A vivid illustration of this fact was Timothy Sullivan, also known under his nickname “Big Tim,” who had served multiple terms in the House of Representatives and both chambers of New York State Congress. Born in the family of Irish migrants and working his way up from a newsboy to a wholesale newsdealer and the member of the state assembly at the age of twenty-three [Czitrom, Mosaic, p. 173]. Sullivan consciously cultivated the “Big Tim” persona – an image of a self-made man who embodied the ideals of the Gilded Age [Czitrom, Mosaic, p. 173]. While his example was an exception rather than a rule – after all, not every child of Irish migrants came to wield such wealth and power – it was still a testimony to the possibility of doing so. Much like Tweed earlier, Sullivan relied on the support of the migrant voters – there was no other way for him to create a constituency and for then to improve their conditions. New York all but forced the immigrants into politics, and, as Sullivan’s example suggests, it worked surprisingly well on some occasions.

The reason why the politicians representing immigrant communities could assume political power was that the political system of New York in the late 19th and the early 20th century remained fundamentally American. This claim may seem puzzling at first – unscrupulous Tweed, who spent hundreds of thousands of dollars in bribes, was hardly an example of American civic virtues [Kandell, Mosaic, p. 166]. Sullivan was hardly a shining example of political integrity either, as he consistently appointed his cousins to prominent positions for the sake of loyalty [Czitrom, Mosaic, p. 177]. Yet both Tweed and Sullivan had other undeniably American qualities in common. They were both successful entrepreneurs as well as attractive men epitomizing the American standard of masculine beauty of the time. More importantly, they achieved their success, in no small measure, due to their own talents, energy, and ingenuity rather than favorable starting conditions. They were an exception rather than a rule – but a very real exception nonetheless. Rough and corrupt, New York politics still offered opportunities to self-made men possessing strong entrepreneurial spirit – in other words, it offered the American Dream, however illusory it was for most citizens.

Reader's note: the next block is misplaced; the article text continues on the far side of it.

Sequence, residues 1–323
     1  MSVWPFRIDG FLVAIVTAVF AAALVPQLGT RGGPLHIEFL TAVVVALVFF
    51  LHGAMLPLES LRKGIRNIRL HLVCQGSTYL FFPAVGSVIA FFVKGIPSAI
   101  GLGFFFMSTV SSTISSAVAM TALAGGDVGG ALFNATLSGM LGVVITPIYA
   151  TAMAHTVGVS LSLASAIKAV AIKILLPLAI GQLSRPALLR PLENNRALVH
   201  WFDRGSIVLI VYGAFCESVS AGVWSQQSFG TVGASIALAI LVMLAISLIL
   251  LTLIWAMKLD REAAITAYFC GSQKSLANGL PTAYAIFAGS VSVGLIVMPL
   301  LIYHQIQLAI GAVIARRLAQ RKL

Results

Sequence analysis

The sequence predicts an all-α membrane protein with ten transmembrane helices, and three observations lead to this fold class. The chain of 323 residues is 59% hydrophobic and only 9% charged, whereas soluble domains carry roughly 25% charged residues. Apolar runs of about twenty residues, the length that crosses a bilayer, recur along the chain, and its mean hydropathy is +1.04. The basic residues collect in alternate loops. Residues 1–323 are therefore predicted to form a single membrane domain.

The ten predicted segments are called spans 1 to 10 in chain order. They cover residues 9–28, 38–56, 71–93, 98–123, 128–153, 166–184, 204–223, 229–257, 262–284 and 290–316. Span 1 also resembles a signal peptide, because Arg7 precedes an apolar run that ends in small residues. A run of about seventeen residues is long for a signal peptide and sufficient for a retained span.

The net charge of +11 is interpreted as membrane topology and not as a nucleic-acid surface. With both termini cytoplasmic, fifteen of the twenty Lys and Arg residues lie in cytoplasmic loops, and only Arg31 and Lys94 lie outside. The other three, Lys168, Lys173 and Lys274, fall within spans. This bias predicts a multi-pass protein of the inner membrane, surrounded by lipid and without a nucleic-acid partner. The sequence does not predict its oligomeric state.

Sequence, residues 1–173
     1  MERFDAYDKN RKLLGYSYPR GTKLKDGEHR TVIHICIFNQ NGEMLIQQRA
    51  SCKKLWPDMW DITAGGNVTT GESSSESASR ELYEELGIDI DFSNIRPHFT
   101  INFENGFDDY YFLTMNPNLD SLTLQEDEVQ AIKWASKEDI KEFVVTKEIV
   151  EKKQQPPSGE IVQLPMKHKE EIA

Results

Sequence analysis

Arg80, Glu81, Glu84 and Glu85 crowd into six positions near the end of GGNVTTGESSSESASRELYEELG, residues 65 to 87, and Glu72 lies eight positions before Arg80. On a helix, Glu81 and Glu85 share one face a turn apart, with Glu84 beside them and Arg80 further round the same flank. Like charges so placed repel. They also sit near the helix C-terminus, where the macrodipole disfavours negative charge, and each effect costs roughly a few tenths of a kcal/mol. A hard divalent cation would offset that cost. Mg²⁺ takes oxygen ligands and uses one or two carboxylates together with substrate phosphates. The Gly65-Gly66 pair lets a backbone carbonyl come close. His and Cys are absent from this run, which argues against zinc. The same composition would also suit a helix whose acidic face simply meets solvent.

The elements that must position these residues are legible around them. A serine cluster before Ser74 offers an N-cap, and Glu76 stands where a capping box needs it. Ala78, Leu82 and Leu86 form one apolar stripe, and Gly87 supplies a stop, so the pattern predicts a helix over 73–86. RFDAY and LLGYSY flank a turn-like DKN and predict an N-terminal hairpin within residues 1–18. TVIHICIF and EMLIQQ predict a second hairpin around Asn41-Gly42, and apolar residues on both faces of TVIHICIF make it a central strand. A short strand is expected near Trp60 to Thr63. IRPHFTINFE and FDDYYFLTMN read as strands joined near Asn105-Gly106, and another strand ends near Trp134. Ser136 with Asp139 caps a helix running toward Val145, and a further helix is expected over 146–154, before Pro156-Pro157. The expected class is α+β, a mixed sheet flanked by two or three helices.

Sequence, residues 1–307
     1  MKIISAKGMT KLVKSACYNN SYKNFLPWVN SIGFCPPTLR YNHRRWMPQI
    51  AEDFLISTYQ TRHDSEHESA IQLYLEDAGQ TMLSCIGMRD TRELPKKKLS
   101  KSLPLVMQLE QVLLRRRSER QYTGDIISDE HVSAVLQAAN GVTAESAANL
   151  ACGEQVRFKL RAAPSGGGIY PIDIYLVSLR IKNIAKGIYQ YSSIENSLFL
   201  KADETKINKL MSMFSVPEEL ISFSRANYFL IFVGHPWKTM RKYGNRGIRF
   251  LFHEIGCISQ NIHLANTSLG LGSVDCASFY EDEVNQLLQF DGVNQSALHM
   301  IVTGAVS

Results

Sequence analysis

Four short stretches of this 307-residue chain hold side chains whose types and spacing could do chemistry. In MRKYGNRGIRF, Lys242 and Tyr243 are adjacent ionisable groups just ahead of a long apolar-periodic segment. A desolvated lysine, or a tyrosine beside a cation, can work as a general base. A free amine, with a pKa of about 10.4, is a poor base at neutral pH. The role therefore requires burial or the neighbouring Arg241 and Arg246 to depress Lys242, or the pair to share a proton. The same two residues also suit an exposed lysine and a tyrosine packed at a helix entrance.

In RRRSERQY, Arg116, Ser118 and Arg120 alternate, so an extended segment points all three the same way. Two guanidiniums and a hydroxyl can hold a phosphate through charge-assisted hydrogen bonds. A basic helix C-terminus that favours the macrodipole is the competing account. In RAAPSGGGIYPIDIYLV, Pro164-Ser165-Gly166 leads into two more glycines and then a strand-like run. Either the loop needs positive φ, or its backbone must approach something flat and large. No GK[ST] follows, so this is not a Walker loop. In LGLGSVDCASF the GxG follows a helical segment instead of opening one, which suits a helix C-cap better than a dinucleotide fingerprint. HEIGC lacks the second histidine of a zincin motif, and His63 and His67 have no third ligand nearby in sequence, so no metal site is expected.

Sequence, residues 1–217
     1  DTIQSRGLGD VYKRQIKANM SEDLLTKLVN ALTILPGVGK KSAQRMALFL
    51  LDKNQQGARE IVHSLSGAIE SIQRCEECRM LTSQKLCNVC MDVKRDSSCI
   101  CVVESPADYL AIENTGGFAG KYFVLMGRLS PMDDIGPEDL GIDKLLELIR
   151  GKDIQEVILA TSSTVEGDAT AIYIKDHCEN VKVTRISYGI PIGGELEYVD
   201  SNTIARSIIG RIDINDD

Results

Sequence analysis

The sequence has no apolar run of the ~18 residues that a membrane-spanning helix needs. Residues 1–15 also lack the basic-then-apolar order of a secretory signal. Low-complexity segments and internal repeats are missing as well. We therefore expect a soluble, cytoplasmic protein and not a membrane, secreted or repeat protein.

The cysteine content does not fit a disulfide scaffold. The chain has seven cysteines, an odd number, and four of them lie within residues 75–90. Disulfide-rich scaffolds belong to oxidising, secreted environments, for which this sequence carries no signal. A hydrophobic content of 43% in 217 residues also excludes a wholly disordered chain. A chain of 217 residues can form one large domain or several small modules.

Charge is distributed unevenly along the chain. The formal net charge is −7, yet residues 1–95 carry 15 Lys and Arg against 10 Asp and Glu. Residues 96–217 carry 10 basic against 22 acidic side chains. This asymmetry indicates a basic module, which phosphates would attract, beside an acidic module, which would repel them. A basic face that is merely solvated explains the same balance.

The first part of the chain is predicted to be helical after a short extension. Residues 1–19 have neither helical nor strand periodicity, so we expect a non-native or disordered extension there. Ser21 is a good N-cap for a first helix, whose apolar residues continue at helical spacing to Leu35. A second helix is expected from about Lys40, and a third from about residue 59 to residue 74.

As one can see, the turbulent New York politics of the late 19th and early 20th centuries necessitated the emergence of effective, if unscrupulous, politicians capable of utilizing the potential of the massive newcomer population. William “Boss” Tweed was one of the first to recognize the importance of the immigrant voters and courted them with jobs and improvements of living conditions to build a steady power base. Coming from comparatively humble middle-class origins, he was able to become one of the city’s most influential politicians, thus showcasing that New York politics did not restrict opportunities to the wealthy elite. Timothy “Big Tim” Sullivan was another example of an everyman politician who relied on the migrant’s electoral support and consciously cultivated the image of a humble and honest man who worked his way to the top. Neither Tweed nor Sullivan were paragons of political integrity and civic virtues, and corruption was a rule of thumb in New York’s political system of the time. Still, it offered plentiful opportunities to resourceful self-made men endowed with an entrepreneurial spirit and, as such, was wholly American at its core.


Czitrom, D. (2010). Underworlds and underdogs: Big Tim Sullivan and metropolitan politics in New York, 1889-1913. In L. Hartzell (Ed.), A mosaic of America, vol. 2 (pp. 172-191). Kendall Hunt Publishing.

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Kandell, J. (2010). Boss. In L. Hartzell (Ed.), A mosaic of America, vol. 2 (pp. 165-171). Kendall Hunt Publishing.